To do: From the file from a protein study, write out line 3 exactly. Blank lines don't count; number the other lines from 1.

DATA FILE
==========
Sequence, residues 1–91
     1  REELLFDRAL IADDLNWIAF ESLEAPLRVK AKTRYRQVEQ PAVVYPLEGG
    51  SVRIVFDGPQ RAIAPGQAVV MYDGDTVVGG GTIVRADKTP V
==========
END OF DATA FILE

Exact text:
    51  SVRIVFDGPQ RAIAPGQAVV MYDGDTVVGG GTIVRADKTP V